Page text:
• bito says:

        Welcome to the Planet labyris13 and what an excellent debut comment! You brought a some very valuable personal insight in your POV. Again welcome.

        • labyris13 says:

          Thanks. I joined just so I could comment. I’ve had these kinds of discussions with old classmates on Facebook. I had one lady who always posted anti-illegal immigrant stuff and if I posted anything positive or contrary on my own status would try to have long debates.

          My two grandsons are half Mexican and yes, their dad came here illegally, so I’m hardly objective about the issue. I finally had to tell her that my posts on the issue weren’t for her and if she couldn’t agree to disagree, I’d be forced to unfriend her. She was really crossing the line of civility in her comments. She finally dropped it.

          I didn’t know about PlanetPOV before today so I’m glad I stumbled upon it. ๐Ÿ™‚

    • Sabreen60 says:

      Geez. How CAN your response be compassionate? Others have given you great responses. Others here have given you great responses, IMO.

      People who are on “public assistance” (welfare) have to meet certain criteria. Last I heard you have to prove you are not working for specific reasons. I don’t think everyone who is not working is entitled to public assistance.

      If Juan Williams is considered a “liberal” than I’d say your friend is so far to the right she’s just about ready to fall off that cliff.

      • kesmarn says:

        Sabreen, c’lady said it so much more beautifully than I ever could have, all I can do is say a heartfelt “Amen” to her comment below.

        And yes, Juan Williams? Liberal? I don’t think so!

        And how can a response to this be compassionate, is the question indeed. I’ve been thinking for days of a charitable way to say: “How did you ever turn into such a mean-spirited, materialistic, narrow-minded bigot?”

        I don’t think there is one. ๐Ÿ˜ฏ

      • choicelady says:

        And NO one is on welfare permanently. The disabled receive under $900 per month and no food stamps. Welfare changed in 1996 to a five year lifetime maximum for which you were supposed to get training and work that would lift your skills. Today it’s just work -- and it pay so little for the cash grants it’s BELOW minimum wage. So you go in poor and ignorant and come out poor and ignorant. No usable skills were developed in this current program.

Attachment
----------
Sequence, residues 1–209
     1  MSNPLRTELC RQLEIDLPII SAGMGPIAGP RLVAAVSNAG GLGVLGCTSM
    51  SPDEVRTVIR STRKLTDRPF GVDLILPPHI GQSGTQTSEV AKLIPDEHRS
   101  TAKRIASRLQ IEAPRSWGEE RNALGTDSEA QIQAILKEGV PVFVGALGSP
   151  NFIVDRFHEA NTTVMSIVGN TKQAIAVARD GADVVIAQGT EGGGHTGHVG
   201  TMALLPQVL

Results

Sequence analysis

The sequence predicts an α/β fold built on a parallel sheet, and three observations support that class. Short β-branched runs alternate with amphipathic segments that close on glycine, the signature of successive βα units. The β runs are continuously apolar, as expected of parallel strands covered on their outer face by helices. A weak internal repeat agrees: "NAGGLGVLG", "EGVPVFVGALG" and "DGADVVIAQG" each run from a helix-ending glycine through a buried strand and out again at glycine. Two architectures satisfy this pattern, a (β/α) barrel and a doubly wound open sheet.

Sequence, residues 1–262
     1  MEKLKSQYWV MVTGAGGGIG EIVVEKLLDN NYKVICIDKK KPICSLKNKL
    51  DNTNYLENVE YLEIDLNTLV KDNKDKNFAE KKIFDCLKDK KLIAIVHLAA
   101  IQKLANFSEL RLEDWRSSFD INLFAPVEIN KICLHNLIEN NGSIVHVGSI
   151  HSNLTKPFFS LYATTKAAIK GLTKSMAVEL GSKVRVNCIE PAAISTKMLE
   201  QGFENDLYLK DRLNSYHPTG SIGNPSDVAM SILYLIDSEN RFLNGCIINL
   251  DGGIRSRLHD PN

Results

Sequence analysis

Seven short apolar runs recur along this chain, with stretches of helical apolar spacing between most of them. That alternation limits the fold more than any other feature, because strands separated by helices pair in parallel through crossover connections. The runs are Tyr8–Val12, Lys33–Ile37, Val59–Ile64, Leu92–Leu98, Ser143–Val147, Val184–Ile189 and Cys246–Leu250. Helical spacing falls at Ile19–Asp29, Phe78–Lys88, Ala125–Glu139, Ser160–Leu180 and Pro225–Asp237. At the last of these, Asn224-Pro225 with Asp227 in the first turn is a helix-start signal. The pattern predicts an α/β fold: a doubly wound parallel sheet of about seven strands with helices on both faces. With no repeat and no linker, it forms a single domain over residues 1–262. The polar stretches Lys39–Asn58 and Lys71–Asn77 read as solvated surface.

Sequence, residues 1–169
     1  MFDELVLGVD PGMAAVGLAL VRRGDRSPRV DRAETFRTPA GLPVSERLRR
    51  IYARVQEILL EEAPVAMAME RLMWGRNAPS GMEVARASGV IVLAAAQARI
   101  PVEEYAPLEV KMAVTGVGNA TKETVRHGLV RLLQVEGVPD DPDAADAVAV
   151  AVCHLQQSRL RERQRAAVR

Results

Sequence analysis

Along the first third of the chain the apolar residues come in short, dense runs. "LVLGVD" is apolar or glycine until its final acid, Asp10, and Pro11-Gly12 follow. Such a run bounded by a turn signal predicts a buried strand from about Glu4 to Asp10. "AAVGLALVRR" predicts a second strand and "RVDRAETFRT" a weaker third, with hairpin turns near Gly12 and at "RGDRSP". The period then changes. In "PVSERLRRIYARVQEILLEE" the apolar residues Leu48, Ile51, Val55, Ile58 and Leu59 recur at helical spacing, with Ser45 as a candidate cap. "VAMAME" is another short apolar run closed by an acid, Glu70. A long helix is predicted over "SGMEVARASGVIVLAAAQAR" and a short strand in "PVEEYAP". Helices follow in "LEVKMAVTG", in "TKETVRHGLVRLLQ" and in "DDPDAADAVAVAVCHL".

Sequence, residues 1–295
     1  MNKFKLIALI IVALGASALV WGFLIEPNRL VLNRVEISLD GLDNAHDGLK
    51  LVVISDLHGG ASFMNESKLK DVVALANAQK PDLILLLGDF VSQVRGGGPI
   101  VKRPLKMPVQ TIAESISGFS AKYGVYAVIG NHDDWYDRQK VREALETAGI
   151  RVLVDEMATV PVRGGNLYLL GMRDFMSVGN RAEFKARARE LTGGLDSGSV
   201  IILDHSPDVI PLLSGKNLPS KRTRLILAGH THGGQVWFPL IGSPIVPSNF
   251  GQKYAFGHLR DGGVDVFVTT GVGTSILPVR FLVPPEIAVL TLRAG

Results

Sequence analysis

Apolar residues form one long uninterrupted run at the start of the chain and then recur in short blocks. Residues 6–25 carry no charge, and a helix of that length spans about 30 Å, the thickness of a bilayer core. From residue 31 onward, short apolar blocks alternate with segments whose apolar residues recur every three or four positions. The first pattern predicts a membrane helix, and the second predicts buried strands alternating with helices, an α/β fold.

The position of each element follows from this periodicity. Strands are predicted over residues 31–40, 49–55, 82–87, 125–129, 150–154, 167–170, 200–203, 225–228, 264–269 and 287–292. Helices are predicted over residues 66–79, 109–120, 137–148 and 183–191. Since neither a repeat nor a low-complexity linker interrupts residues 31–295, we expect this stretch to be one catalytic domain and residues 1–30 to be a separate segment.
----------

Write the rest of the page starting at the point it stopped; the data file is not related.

Illegal aliens so called, come here EXACTLY as our forebears did. WE took away Ellis Island. No one prior to 1952 had to prove anything -- they just showed up. The need has not changed. The method of entry has. We now demand up to 20 years wait. Why is what was good for her Polish grandmother NOT good for her?

        And where ARE those jobs her grandmother had? Gone. Just TRY to find enough entry-level positions for everyone. Business’ efforts to take even the service out of a service economy means her grandmother would not be able to work today.

        The assumption that all is as it was is magical thinking. Telling people who are homeless ‘get a job’ is fraught with stupidity when there are no jobs. We who lived through the boom times ought to be able to see that we were privileged -- those WERE better times. Bring them back. During Eisenhower’s administration the upper rates on taxes was 90%. Buffet is accurate that the wealthy pay lower rates than those who work. Since when do we value UNEARNED income more highly than earned? Why is Paris Hilton, living off her stock income to be taxed less than a young woman her age working as a nurse, a teacher, a construction worker -- what is Paris’ value to our society? Taxes are NOT paid on money used to invest -- it’s on money you have AFTER the huge deductions you get FOR investing in real jobs. It’s on PROFITS not on capital. So why should we tolerate the middle class paying more than the wealthy?